Maintaining Your Leadership Momentum

Have you ever had a day in which your wheels spin a bit slower? Have you noticed your team not putting the usual miles in at the office? It seems that when a team is aligned, focused and working together, projects excel. But when there’s a lack of focus, energy or commitment, or when benchmarks aren’t set in place, your team project doesn’t gain momentum.

Today,we’ll share these five tips from Elizabeth McCormick, a keynote speaker specializing in leadership, to assure your leadership and team directives match the result you envision.

1. Know Your Destination: When you begin with the end in mind, you have a distinctive vision of your desired direction and destination before instructing your team to launch. It doesn’t matter how big or small your project is—if the direction, intention or desired outcome isn’t clear, it will be tough to for your team reach its goal. Assume nothing, clarify everything, and have it in writing.

2. Engage Your Team: Once you have communicated the objectives to your team, start by having team members re-state the goals and desired outcomes in their own words. Also, flesh out the project, brainstorm with the team and add detail to the project. This type of activity will help jumpstart the camaraderie as your team begins working together as a team toward a common goal.

3. Plan Your Work, Work Your Plan: Be sure you have established the proper benchmarks, and signposts for you and your team, so that if there is any drifting off course, it will be recognized and realigned quickly without much wasted time or effort. Ensure that work is broken down into manageable, measurable, short-term goals to aid in motivation and increase productivity.

4. Own Your Results: As a leader, it’s your attitude, stamina, direction, commitment to the project and work ethic that establishes the environment and culture of your team, as well as the success of your project at hand. One of the biggest reasons people are taken off task is that the purpose for their task isn’t strong enough to keep them engaged. If this is happening, recognize it and take some time to clarify your team goal. And, regardless of why it happened, own the results. Empower your team to help you assess what went wrong, develop the proper benchmarks and guardrails to prevent that from happening again, and then map out a new flight plan to a better destination.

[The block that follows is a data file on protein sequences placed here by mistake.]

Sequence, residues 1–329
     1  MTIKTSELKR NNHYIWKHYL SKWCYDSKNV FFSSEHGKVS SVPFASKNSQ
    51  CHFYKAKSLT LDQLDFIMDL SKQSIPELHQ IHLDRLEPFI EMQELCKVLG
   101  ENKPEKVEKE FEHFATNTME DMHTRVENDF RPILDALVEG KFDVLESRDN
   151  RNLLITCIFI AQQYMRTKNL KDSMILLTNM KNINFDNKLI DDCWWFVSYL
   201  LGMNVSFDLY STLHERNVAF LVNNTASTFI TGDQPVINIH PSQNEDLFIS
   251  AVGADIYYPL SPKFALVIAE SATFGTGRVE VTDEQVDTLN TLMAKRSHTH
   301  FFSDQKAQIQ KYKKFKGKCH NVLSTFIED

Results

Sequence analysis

5. Collaborate—Share Your Progress: It is important to communicate, collaborate and share your progress. Your strategic plan could be working well. However, the marketing department may have new information that invalidates an initial premise or causes your data to be out of date. Informing them only at completion risks the success of your entire project. So, it’s important to keep key stakeholders up to speed throughout the entire process.

Include progress updates to those who are affected by your plans so that changes can be incorporated along the way.

Source: Elizabeth McCormick is a keynote speaker specializing in leadership, sales and safety presentations. She was recently named No. 4 on the list of leadership experts to follow online. A former U.S. Army Black Hawk pilot and author of The P.I.L.O.T. Method; the 5 Elemental Truths to Leading Yourself in Life, she teaches instantly applicable strategies to boost employees’ confidence in their own leadership abilities.

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